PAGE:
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How Financial Advisor Websites Produce Leads and Contacts

Every financial advisor wants a website that creates a positive first impression, delivers the information that investors are seeking, and converts visitors into leads and contacts.




This article will break down the component parts of a productive website with some tips that will help financial advisors improve the results that are produced by their websites.

Let’s start by separating leads and contacts.


What About Leads?

Just about every financial advisor firm judges the productivity of its website based on the number of leads that are produced each month. This makes perfect sense because the definition of a lead is an investor who is seeking a financial advisor and wants to talk in the next 30 days.

This is an important next step in the digital marketing process that produces new clients for financial advisors.

However, most advisor websites produce more contacts than they do leads.


What About Contacts?

A contact is seeking information and not an advisor – at least not right away. They may be seeking information about the financial advisor, about financial advisors in general, or information about a financial topic.

A lot of financial advisors miss the boat when they do not place enough value on contacts. 

Often times, a request for information is a major indicator that investors have a problem and they are seeking information that will help them solve it.

This creates a major marketing opportunity for financial advisors who become the source of the information that is sought by investors. Or said differently, by providing the information, they have an opportunity to develop a relationship with investors that they otherwise would not have.

More often than not, these information-seekers will end-up in advisor CRM systems so they can stay in touch until the investors are ready to talk. This makes an advisor’s drip list the key to a nurturing system that converts contacts into active prospects over time.


What’s the catch? Advisors do not know when investors on their drip list will go into active search mode for a financial advisor.


Financial Advisor Websites

One source of information is the content on financial advisor websites. In general, this is static text that is focused on providing information about the advisory firm: About Us, What We Do, Who We Serve. Most advisor websites also have a function titled Resources on their main navigation that is in addition to their blog. This function may deliver eBooks, white papers, podcasts, videos and other types of information that educate investors about advisors, markets, and other important topics.

For example, let’s assume an investor is on the Internet seeking information that describes how financial advisors are compensated. Let’s suppose they find this information on an advisor’s website or blog site. The advisor becomes a trustworthy source of information that will help this investor evaluate financial advisors in the future.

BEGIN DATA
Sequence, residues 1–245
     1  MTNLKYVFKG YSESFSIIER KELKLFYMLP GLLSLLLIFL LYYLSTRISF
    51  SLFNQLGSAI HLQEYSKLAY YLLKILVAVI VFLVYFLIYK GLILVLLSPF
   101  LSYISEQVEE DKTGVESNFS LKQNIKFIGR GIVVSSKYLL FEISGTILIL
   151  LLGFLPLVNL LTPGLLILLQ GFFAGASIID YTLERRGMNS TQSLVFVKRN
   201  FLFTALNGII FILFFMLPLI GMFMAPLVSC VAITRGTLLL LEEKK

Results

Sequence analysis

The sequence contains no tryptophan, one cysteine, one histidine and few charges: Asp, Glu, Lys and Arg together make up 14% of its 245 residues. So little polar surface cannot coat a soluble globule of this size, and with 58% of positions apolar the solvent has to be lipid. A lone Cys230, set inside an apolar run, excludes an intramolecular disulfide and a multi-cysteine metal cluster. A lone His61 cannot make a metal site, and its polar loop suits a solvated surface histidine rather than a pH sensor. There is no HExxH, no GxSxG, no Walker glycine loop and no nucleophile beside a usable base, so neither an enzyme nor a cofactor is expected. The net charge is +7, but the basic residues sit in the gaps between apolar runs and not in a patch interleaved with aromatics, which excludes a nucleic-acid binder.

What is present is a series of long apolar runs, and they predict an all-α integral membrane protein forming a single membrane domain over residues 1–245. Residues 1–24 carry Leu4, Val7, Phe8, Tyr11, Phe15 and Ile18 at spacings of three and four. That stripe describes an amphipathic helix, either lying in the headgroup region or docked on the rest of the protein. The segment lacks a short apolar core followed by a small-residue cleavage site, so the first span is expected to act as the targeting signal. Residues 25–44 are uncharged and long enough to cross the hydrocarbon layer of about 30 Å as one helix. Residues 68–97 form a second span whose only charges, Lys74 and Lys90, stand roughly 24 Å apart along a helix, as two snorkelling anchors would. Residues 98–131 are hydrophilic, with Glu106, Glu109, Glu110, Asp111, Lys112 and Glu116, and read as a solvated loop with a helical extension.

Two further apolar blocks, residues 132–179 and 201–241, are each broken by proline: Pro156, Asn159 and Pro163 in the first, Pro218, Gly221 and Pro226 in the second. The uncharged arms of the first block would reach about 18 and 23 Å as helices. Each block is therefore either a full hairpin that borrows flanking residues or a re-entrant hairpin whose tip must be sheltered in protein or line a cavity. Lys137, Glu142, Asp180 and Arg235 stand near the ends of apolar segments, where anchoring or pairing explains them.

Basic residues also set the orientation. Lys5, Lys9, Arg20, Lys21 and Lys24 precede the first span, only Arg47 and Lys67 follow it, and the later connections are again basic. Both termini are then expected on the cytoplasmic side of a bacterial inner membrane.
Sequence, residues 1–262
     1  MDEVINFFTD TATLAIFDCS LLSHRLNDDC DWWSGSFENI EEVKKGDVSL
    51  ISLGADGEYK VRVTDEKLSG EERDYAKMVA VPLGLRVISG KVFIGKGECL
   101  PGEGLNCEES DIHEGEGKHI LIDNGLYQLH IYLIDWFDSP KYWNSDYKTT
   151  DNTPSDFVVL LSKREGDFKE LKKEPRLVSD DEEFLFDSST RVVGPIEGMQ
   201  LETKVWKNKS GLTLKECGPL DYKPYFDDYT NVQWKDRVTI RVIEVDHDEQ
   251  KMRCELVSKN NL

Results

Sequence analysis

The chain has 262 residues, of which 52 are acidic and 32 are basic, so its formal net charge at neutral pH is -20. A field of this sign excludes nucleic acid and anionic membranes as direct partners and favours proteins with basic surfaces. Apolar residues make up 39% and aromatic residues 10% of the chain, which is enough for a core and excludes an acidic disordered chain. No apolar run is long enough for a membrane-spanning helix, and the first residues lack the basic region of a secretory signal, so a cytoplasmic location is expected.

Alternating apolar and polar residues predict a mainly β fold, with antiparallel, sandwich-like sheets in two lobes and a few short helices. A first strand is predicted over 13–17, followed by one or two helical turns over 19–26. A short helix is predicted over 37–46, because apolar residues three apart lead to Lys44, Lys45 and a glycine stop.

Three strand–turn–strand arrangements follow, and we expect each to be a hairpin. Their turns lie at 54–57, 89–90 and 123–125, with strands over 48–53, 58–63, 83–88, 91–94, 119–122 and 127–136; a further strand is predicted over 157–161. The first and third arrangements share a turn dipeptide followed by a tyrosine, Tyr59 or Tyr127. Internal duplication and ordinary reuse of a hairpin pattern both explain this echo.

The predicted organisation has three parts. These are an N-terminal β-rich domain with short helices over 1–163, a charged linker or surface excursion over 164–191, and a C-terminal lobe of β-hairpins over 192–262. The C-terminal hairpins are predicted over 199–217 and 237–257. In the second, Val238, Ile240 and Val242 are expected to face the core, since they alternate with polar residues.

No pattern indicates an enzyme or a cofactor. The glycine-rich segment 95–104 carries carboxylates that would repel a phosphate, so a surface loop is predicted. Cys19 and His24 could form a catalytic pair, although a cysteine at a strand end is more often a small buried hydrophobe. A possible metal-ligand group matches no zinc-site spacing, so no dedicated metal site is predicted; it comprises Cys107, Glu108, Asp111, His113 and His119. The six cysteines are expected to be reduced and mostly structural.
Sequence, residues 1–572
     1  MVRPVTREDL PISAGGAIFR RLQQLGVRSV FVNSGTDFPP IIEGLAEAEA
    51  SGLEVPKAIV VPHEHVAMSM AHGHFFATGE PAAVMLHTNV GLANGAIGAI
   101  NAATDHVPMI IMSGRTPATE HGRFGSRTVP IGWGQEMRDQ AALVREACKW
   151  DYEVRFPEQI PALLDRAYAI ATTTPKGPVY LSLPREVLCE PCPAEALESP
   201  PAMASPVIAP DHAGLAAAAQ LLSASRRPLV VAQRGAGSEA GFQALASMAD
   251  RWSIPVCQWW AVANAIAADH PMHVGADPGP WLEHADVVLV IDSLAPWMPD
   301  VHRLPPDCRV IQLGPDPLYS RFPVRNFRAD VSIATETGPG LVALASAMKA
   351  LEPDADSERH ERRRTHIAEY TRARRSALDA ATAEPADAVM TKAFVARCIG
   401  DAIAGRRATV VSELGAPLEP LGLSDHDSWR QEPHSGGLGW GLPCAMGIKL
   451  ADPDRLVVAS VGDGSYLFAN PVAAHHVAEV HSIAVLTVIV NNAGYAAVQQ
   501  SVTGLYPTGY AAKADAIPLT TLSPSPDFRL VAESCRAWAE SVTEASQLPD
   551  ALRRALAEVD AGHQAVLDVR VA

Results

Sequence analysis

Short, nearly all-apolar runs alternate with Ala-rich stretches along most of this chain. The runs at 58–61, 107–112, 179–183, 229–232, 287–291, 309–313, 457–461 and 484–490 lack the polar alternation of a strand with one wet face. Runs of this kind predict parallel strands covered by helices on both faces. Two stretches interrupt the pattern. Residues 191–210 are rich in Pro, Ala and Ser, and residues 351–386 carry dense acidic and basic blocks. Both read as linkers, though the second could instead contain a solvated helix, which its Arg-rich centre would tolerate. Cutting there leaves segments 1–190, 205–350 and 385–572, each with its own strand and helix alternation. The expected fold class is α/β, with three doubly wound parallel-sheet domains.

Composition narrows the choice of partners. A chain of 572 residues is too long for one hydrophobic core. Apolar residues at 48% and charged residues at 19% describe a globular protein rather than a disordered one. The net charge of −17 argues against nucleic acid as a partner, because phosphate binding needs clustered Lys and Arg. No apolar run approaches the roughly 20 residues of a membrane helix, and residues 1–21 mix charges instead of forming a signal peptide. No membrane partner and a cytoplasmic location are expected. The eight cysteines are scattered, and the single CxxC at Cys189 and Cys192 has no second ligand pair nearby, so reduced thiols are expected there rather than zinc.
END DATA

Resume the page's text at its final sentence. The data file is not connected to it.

The advisor that provides this information has a competitive advantage because the advisor already has some name recognition and trust developed with these investors.

Why trust? The advisor provided information that helped the investor learn more about financial advisors. The investor must have appreciated the information because he or she contacted the advisor for an interview.


The Free eBook

Investors will find a lot of information on financial advisors’ websites. They can find even more information when they Google search the advisors’ names. That’s the good news. The bad news is investors, who conduct virtual research, are anonymous until they want to be contacted. This is a level of control that the Internet has bestowed on them.

The challenge is to provide information in a format that requires investors to give-up their anonymity. This is accomplished with free eBooks that are gated – that is, they require registration to view the content.

Effective eBooks have four characteristics that make them a great source of leads and contacts for financial advisors:

  • The eBook targets an advisor’s ideal type of client
  • The content focuses on an investor pain point
  • The eBook has a compelling title
  • The eBook has a registration requirement 

Most advisor websites will have 2-3 eBooks that are based on a financial advisor’s ideal types of clients.


The Free Webinar

A second type of free offer that should reside on financial advisor websites is the opportunity to attend a monthly webinar that covers a timely financial topic. This can be great online exposure for firms that embrace this form of marketing.

Depending on the topic, advisors may want to invite current clients and contacts on their drip lists.

This type of communication is consistent with how financial advisors may be communicating with clients, prospects, and contacts in the future, at least while most investors are practicing social distancing. Investors who may not have attended webinars in the past may be more open to this type of communication in the future.

Many advisors also promote their webinars with paid advertising to reach even more investors.

Like the eBook, webinar's need compelling titles and subject matter that describe a solution for a financial pain point. Information tied to the virus and its impact on the U.S stock market and the global economy would be timely topics.

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